What poultry do we keep?
Premier’s birds tend to change over time, as some “depart” and new ones replace them. Here’s what we have (or had this past year):
- Chickens: Wyandottes, Delaware, Sussex, Giants, Brahmas, Minorcas, Leghorns, Buff Orpingtons.
- Ducks: Blue Swedish, Khaki Campbell, Buff Runners, Rouens.
- Geese: Toulouse and Buff.
- Q. How many chickens should I have?
- A. For a novice we recommend 2 to 4 hens. They will provide you with experience and a steady supply of eggs spring through fall. Hens lay fewer eggs during the chilly, short-daylight winter months.
- Q. Do I need a rooster for my hens to lay eggs?
- A. Hens will cheerfully lay eggs for their entire lifetime without a rooster. Their happy clucks are infrequent and seldom loud. Few are as high strung as roosters. Obviously, a rooster is essential for fertilized eggs. If this is your choice, be prepared to hear crowing from predawn to dark. However, a rooster is often not a good thing—as his libido can cause disruption among the hens. Though one rooster may not be a problem, our experience is that 2 or more roosters are continually feuding, causing stress among the hens. A word of caution: Roosters can become territorial and aggressive, especially to visitors and children.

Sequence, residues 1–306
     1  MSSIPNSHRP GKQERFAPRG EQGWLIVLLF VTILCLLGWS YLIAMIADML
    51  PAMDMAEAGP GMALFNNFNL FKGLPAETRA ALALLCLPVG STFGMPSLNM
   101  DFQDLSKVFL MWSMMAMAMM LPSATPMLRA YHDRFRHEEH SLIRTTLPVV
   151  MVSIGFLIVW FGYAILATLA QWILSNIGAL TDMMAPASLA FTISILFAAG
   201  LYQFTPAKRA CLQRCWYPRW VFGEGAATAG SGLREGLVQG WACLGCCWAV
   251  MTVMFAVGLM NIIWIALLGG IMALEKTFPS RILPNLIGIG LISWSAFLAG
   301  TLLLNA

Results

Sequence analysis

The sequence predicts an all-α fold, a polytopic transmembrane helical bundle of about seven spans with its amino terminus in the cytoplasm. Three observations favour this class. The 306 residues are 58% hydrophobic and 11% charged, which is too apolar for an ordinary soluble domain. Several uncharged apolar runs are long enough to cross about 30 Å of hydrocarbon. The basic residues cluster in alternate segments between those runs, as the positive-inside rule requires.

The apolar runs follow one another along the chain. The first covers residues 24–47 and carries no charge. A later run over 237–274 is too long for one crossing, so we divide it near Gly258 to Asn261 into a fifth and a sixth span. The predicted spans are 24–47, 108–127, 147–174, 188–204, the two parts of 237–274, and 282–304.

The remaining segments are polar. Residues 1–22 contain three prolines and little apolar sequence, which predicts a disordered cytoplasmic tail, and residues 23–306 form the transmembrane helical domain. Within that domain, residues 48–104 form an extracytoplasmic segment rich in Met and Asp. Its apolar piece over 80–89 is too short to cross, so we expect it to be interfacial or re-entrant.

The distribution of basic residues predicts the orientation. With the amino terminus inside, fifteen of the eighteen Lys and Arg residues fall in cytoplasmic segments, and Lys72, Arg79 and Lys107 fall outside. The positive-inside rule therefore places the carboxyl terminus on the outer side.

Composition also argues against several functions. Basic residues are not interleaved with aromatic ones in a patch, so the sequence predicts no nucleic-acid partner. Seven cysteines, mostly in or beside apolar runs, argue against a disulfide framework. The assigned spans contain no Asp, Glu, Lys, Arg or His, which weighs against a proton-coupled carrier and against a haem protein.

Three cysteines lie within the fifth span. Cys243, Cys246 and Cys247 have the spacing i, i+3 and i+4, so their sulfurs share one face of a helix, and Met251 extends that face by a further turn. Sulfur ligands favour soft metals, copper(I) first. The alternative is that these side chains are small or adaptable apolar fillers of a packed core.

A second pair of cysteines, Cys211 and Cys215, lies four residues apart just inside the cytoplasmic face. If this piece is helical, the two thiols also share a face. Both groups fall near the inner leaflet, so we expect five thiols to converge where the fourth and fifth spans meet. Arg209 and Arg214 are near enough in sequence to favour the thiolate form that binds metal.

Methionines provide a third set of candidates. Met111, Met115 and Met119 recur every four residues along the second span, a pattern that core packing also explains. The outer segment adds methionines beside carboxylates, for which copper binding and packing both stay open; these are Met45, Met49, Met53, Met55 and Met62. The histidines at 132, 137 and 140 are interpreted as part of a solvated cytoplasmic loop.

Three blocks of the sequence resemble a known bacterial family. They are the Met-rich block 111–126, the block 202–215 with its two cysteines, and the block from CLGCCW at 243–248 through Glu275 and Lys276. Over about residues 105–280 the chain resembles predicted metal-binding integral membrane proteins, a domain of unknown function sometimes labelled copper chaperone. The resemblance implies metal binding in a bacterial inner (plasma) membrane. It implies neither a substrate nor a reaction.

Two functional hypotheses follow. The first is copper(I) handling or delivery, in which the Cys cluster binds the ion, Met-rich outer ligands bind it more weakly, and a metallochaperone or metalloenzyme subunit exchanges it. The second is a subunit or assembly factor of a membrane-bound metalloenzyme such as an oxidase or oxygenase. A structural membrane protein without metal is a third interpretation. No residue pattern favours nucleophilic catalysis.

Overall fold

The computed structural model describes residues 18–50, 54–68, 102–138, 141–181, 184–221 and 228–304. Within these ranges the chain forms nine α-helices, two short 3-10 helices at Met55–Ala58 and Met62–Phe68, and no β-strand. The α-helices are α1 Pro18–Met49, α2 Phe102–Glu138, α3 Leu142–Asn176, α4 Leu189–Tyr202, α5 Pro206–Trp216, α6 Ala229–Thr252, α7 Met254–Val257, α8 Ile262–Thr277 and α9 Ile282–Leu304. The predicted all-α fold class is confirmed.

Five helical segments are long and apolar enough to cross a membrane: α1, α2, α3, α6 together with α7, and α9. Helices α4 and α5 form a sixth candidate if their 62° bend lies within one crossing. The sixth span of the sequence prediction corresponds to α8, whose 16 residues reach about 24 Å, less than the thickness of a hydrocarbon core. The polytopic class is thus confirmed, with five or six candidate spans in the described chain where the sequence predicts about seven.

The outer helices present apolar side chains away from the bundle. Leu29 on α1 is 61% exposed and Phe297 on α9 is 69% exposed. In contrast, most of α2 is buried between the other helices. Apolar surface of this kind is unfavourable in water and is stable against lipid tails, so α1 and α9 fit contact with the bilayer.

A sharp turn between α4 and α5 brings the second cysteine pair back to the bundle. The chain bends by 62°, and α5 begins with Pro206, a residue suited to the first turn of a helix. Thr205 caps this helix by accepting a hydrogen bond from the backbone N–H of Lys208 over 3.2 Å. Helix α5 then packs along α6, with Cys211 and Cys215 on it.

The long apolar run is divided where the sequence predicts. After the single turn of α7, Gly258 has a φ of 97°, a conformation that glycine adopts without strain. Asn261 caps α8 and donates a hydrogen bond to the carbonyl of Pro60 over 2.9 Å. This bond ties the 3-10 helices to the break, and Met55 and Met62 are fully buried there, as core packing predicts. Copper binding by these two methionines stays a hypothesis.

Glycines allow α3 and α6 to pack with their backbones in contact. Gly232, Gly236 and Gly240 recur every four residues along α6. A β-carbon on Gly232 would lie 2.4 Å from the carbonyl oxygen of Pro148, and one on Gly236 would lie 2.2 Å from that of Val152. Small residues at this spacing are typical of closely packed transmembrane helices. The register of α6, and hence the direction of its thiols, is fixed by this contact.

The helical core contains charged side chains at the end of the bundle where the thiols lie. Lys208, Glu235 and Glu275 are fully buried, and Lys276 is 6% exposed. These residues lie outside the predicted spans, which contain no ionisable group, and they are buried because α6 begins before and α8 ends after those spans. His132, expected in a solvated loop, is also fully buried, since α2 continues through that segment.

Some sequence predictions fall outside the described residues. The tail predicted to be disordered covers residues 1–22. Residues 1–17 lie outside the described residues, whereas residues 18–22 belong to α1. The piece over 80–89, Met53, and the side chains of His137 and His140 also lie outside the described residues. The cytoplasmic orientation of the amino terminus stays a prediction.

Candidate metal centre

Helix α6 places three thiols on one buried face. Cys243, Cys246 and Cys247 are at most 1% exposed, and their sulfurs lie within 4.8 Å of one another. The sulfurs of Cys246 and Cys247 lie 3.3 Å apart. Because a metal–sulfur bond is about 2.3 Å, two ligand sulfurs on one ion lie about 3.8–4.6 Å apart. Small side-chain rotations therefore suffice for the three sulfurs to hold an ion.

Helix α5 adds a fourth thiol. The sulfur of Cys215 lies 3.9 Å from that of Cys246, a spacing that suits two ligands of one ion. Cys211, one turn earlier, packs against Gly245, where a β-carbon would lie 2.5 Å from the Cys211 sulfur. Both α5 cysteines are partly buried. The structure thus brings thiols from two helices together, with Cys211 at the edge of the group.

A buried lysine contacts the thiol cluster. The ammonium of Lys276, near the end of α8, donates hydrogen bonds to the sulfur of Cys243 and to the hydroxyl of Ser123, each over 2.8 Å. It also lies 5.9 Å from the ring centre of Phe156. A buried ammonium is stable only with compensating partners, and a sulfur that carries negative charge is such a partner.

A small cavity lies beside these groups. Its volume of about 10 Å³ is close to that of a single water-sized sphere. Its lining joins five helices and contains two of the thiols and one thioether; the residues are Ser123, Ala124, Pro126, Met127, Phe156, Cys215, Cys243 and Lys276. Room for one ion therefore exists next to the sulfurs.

- Q. How many eggs will a hen lay?
- A. A young hen can lay 5 eggs/week during peak laying season, depending on her breed. As hens age they lay fewer eggs per week/month/year.
- Q. Do chickens fly?
- A. That depends on how you define flying. If motivated, lighter breeds and bantams can quite easily fly over a fence or up to a tree branch or rafter, but they lack the ability of true flight that wild birds have. Most heavy breeds are content to stay on the ground—which makes them the better choice for a backyard flock.